When Amazon was new, I thought it was a wonderful way to get people reading. I still think it’s even better than those lurid paperbacks and comic books in the mid-twentieth century which caused a lot of sniffing and sneering amongst the literary crowd but enabled folks to read things they couldn’t afford before. Now Amazon and Kindle make inexpensive (read cheap) books even more available. After all, we are a fast-food nation; fast-food-books was inevitable.
But even in the heyday of paperbacks and comics, books with more depth were still easily available too. Now Amazon is training authors to use the best system for them to make money, not for readers to experience good books. Authors are being pushed into a system of faster and faster candy mints and throw-away thoughts.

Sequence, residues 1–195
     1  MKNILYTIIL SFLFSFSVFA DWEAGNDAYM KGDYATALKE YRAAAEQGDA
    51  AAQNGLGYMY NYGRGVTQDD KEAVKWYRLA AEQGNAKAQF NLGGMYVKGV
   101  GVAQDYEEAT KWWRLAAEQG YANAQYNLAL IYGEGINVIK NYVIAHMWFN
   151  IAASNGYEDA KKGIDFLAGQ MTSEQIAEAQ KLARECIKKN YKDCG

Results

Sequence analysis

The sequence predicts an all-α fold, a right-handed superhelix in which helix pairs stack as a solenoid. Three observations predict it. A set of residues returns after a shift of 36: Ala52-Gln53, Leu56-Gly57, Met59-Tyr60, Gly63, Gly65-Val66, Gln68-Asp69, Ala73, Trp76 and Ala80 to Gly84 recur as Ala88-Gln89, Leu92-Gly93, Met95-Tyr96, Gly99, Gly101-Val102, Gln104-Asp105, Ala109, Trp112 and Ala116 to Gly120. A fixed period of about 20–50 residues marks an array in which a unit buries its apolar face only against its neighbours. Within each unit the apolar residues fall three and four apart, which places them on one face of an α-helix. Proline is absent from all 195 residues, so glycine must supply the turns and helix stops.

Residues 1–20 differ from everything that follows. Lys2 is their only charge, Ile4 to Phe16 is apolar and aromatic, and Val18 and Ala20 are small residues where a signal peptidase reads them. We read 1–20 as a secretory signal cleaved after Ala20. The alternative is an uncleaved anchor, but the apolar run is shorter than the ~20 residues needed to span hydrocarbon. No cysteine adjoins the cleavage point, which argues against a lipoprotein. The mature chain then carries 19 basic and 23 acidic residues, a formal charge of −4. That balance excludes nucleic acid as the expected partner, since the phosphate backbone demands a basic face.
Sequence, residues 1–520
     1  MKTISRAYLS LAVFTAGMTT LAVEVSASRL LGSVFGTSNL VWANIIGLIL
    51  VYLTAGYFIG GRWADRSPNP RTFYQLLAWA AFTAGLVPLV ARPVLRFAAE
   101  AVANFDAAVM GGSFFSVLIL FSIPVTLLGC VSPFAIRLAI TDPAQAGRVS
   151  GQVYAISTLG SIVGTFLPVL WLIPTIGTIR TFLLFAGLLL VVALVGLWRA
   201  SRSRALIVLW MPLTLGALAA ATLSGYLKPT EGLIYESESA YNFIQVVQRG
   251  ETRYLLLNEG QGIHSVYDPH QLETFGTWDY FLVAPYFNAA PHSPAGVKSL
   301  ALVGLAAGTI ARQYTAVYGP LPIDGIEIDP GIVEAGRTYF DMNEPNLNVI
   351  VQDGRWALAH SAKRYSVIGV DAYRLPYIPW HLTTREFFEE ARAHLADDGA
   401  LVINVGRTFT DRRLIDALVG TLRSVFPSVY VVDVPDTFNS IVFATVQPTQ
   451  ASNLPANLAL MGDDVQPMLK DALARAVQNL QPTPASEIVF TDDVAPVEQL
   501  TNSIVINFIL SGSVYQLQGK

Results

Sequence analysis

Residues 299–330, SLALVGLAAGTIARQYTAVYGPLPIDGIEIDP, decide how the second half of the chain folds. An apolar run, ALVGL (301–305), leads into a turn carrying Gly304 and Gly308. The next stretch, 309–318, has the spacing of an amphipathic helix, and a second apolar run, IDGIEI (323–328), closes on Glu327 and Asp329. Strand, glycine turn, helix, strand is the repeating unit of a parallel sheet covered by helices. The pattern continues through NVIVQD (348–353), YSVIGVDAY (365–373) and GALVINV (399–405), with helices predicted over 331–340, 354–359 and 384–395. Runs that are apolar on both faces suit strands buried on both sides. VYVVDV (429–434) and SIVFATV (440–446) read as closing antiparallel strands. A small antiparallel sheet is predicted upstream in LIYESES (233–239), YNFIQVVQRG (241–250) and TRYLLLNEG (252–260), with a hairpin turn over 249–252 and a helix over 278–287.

Don’t get me wrong, I’ve got nothing against candy mints. They have their place. But as a steady diet they really stink, and that’s where Amazon keeps trying to lead us. There are a lot of good books on Amazon. And I’ve read a lot of the millions of “bad” books. Many are no worse than the paperbacks and comic books of the old days, and most are not a bad way to spend an afternoon. But too often I feel like I’ve wasted the time and money no matter how small the amount. How do readers find the meat & potatoes if the Amazon table is drowning in candy mints?
When I’m not reading, all I want to do is write, but I don’t want to turn my books over to the agent-reader-editor-publisher-galleys-in a couple of years-‘sorry, you didn’t recoup the advance’ thing either. And then have a big-name publisher drop them into the ‘out of publication’ (i.e. author-untouchable) bin if they don’t make enough money in the first six weeks.